Lost in translation

Last updated 09:55 03/12/2013

Asking a reader to name their "all-time favourite titles" is like asking a parent to choose between their children. All are dear in their own special way, though also with frustrating flaws that will provoke deep-seated and complicated feelings at times.

I have avoided making a list of ultimate favourites so far on this blog for that very reason. Because the books you love will change with the passing of time and life stages. However, like past loves, that does not mean the books you once adored so much that you couldn't bear to be parted from them are meaningless once they have fallen off the "favourites" list.

In my own rambling way, I'm introducing the topic of this post: books that have been translated into English. It has to be English, because I sadly can't read any other languages with enough fluency to devour whole books.

One of the books on my all-time favourites list that I love is a translated version of A Dream of Red Mansions, a Chinese classic written centuries ago that is also called The Dream of the Red Chamber or The Story of the Stone, depending on which translated text you're working with. I have read the books (three thick volumes) several times, dipping in and out of parts of the story with glee. 

From A Dream of Red Mansions, I've learned how to eat steamed crabs and rice wine (described in such exquisite, pleasurable detail that you'll wish you were there), that ancient Chinese poets were just as obscure with their work as Middle English bards, and that romantic love and longing are qualities that transcend cultural and language barriers.

Another poignant translated tale that should be compulsory reading for any child before they fall into the clutches of Twilight is The Little Prince (Le Petit Prince), by Antoine de Saint-Exupery. This is a simple fantastical story about a pilot who crash lands into the Sahara Desert, only to encounter a child who claims to be an alien prince, and tells him stories that keep him alive while he's slowly dying of dehydration.

Most people in school will also remember reading The Diary of Anne Frank. What? Did you think it was written in English?? The original title of the book is The Diary of a Young Girl, or Het Achterhuis, which is Dutch. While I haven't touched it since my teens, it's a story that won't soon be forgotten, especially if you spend any time at all dwelling on the sad yet inevitable fate of Anne Frank.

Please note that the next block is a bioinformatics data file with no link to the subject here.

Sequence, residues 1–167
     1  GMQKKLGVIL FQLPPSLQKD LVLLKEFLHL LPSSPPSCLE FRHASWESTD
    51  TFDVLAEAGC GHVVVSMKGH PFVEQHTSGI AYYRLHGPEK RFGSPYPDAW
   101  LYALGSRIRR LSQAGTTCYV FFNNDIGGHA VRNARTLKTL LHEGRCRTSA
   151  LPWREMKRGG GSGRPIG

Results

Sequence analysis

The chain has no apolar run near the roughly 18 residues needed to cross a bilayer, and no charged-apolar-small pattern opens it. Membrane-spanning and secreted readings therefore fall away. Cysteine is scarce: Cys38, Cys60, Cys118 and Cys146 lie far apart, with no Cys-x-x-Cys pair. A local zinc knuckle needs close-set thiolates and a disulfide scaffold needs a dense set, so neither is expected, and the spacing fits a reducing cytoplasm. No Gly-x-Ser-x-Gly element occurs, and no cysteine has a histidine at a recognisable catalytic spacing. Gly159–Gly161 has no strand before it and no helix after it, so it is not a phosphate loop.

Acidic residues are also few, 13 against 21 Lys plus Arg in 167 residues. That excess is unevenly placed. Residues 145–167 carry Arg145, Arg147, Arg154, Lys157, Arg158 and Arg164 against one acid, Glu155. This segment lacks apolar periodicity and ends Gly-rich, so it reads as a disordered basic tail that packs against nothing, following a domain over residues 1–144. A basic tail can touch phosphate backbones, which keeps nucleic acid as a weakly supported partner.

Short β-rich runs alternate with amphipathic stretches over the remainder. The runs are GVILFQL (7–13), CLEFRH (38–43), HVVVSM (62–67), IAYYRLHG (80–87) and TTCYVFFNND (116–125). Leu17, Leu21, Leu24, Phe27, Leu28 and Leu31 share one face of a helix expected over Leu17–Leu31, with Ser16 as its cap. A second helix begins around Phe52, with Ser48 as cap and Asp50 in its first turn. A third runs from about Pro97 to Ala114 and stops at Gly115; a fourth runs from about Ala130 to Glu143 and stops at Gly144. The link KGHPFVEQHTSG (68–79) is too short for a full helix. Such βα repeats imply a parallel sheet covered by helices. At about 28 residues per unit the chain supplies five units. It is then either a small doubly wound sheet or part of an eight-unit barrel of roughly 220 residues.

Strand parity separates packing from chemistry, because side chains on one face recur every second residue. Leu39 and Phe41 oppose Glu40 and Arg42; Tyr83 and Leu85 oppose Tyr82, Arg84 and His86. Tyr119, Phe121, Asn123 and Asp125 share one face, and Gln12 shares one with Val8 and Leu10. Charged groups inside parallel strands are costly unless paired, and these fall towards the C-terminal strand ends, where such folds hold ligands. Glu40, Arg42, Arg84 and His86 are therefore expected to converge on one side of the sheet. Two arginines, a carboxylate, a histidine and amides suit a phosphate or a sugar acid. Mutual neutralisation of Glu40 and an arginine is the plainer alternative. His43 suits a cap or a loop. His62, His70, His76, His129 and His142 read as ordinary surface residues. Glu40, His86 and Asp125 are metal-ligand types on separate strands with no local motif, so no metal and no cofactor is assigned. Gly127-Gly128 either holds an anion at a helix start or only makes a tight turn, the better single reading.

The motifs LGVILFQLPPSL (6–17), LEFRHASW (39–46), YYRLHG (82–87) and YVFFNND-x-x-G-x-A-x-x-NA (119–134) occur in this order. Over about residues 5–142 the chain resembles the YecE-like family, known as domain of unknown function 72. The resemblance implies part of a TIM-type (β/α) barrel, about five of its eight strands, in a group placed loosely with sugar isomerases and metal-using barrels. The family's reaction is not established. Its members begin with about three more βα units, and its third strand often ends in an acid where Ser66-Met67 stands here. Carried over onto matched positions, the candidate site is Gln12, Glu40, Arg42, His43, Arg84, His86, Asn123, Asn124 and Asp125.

Then there are the famous dead Russians, which anyone who has ever done an arts degree with any sort of literary component will most likely have at least heard about, if not skimmed through frantically while trying to draft a credible essay that didn't look as if it was written the night before after a few too many cheap beers: Dostoyevsky, Chekhov, Gogol, Tolstoy, Pushkin.

The most famous translations of recent times have, of course, been Stieg Larsson's Millennium trilogy, beginning with The Girl With The Dragon Tattoo. I have read all three and surprised myself with how much I enjoyed them, even though they are in a genre I don't often read.

The problem with reading translated books is that I always find myself wondering if we are reading the actual words used by the author, or the translator? Anyone who can speak other languages know that translations are, at best, approximations or carefully considered interpretations of the original text.

I do wonder though, if translators, like filmmakers, take artistic license with the material they are working with. Asian and European languages have different syntax to English, so a direct translation of anything would be nearly impossible.

Then there are the sayings and colloquialisms that could easily get lost in translation. Often what happens is that the translator will find the closest English saying, and replace it with that. But of course, some of the original meaning will be lost.

Humor is also something that can be very culturally specific, and the same goes for irony and sarcasm. In fact, any form of wit can be extremely difficult to translate, requiring a translator who has their feet in two cultures, to the extent that they understand both.

What are your favourite translated books?

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